In the most recent episode of Hannibal, the viewers (or maybe just me) were treated to Hannibal’s dressing ritual. In this case he was getting ready for a trial. The meticulous precision with which Hannibal led his life was on full view as he carefully buttoned up each button of his shirt, as he precisely knotted his tie, and as he gently secured both his vest and suit coat. Once he completes dressing, he is an ideal vision: a finely trimmed and handsome man in a divinely made three-piece suit. Only he holds a very well-kept secret behind those patterns.

© NBCUniversal
© NBCUniversal

Ages ago I had the chance to learn men’s tailoring, and I made, to varying degrees of success, men’s jackets and trousers. Before that, I never thought twice about the effort that goes into making a man’s suit. Afterwards, I never looked at them the same away again. There’s good reason  why they are expensive and why the bad ones look terrible and the great ones look astounding. Every one of Hannibal’s suits makes me picture the meticulous sewing-room work that went into each one; and the craft of Mikkelsen’s superb turn as Hannibal Lecter enhances the perfection of his garb.

I’m incredibly happy that Hannibal came back for a second season, and I highly recommend it. It’s a risky show given the subject matter, but that only makes it all the more tempting. And really, it’s far from a show about eating people; it’s more about the complexities and complications that arise from simply being human and how easily we can allow ourselves (or sometimes want) to be manipulated.  Hannibal is staged to perfection all around, and it doesn’t hurt that at the heart of it all is a well-groomed individual with a deep, dark secret…and plenty of very nice suits.

© NBCUniversal
© NBCUniversal



  1. It’s a show I’ll miss, as I do enjoy it, but I still don’t love it overall. It is beautiful, but the script seems a bit too self-inflated. At times, I feel like watching these individuals stroke their own egos is just watching the script stroke its own ego, if that makes any sense.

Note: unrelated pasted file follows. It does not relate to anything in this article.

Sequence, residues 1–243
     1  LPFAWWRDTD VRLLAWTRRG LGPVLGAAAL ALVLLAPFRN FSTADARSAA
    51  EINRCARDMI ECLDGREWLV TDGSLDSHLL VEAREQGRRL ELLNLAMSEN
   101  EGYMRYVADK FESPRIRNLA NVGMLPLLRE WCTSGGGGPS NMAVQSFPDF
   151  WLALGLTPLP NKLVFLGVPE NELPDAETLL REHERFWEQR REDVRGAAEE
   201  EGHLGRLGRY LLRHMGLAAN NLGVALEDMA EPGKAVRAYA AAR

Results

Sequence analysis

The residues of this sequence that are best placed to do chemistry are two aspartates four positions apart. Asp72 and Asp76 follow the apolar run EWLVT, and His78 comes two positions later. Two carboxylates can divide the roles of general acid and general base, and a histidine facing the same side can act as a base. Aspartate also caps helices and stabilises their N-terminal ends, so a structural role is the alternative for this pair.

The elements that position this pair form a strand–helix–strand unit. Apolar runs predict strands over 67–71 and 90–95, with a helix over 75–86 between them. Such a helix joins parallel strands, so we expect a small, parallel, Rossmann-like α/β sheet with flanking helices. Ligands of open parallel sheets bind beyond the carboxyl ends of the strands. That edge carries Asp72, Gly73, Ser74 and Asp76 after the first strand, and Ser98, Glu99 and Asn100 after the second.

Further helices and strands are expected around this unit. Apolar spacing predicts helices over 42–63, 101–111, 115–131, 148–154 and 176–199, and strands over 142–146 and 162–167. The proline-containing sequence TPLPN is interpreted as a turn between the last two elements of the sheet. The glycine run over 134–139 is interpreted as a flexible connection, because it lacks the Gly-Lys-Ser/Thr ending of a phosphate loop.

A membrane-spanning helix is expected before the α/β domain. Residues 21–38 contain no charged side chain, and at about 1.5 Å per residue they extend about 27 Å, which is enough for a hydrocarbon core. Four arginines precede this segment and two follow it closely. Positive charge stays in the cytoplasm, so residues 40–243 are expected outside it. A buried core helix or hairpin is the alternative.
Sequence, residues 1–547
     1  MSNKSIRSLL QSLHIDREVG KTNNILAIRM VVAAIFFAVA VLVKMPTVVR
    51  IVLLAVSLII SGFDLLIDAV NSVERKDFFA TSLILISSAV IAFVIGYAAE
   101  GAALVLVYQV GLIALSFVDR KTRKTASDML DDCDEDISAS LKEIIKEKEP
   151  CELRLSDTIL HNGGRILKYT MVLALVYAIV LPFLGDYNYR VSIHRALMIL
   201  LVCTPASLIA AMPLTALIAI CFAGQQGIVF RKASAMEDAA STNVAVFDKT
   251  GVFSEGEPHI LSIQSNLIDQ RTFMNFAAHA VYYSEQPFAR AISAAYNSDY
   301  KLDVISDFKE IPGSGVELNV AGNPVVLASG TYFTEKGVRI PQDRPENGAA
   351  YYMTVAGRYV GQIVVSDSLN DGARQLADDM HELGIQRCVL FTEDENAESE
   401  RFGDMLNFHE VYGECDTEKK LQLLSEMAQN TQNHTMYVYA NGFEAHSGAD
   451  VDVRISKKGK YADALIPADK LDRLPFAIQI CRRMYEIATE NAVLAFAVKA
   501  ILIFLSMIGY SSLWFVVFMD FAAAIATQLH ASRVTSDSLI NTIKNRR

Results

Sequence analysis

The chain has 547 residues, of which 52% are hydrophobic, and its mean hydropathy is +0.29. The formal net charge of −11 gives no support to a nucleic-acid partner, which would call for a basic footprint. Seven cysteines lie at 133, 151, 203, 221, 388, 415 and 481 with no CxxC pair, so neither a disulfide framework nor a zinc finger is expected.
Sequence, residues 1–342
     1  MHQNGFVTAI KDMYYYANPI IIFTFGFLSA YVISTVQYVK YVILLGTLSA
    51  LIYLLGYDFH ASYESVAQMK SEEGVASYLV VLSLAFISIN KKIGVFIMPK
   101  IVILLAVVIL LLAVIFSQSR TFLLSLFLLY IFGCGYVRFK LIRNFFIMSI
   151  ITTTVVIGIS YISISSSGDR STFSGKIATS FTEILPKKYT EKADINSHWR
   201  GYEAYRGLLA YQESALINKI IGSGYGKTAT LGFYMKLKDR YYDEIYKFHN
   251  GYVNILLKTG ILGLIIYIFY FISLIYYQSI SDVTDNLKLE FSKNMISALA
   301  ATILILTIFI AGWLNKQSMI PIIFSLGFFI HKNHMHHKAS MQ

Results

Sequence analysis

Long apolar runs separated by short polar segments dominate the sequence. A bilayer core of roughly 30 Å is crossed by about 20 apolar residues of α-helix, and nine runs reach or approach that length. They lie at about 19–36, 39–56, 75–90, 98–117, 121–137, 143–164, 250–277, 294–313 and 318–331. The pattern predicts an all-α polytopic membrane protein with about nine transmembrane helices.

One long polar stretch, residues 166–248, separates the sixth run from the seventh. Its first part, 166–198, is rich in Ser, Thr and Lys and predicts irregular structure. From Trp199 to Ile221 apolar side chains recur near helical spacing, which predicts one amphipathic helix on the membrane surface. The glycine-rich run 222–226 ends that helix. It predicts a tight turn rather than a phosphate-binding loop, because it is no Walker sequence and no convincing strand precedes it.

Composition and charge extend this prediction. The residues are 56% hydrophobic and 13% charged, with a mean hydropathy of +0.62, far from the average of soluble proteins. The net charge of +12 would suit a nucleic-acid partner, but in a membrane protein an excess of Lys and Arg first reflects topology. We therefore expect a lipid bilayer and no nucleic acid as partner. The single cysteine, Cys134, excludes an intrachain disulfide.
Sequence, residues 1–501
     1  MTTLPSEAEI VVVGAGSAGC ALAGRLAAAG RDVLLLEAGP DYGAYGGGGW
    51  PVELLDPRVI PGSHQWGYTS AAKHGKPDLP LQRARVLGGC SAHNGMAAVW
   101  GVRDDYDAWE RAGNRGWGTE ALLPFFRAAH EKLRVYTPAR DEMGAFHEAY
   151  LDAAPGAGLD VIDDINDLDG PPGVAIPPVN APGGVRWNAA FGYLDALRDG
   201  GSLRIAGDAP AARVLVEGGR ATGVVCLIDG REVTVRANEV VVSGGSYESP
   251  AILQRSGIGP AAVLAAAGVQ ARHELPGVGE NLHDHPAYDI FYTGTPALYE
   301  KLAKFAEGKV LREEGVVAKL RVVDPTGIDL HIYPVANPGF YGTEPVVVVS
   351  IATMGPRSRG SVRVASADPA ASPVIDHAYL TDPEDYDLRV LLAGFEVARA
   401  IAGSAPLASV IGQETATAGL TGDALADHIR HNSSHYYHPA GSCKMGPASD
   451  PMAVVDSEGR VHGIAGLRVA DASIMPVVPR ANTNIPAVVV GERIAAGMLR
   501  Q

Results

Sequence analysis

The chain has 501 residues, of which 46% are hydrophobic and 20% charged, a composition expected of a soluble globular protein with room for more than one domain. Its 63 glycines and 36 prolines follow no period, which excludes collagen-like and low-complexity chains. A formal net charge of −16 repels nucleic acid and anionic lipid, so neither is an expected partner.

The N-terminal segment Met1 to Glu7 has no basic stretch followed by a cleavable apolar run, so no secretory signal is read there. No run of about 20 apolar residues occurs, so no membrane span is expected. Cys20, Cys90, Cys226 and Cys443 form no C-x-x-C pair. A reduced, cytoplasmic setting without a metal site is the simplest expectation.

Liked by 1 person

    • It totally does. This show has always walked dangerously close to becoming performance art, and this season it’s already on the verge of parody. Abstract storytelling and maniacally beautiful visuals are all well and good, but sometimes blood is just blood, not a sparkling, heaving waterfall of metaphors for feelings, or actions, or whatever is going on is one’s “mind palace.” Still, if Hannibal goes off the rails, I’ll happily go with it, because at least it’ll be a fun ride.

      Liked by 1 person

      • Yeah, Diane is a bigger fan than me and when I asked her, “Did they discuss the mind palace this much last season? I remember it being mentioned, but they keep referring to it like they literally mapped it out together.”

        I dunno. It’s just a bit too much of a stretch at times for me.

        Liked by 1 person

        • Agreed. I’m not a fan of the “mind palace” concept. My mindset is far too literal to follow the scenarios. Plus they often milk the notion over that of solid storytelling. Definitely a case of style over substance.

          Liked by 1 person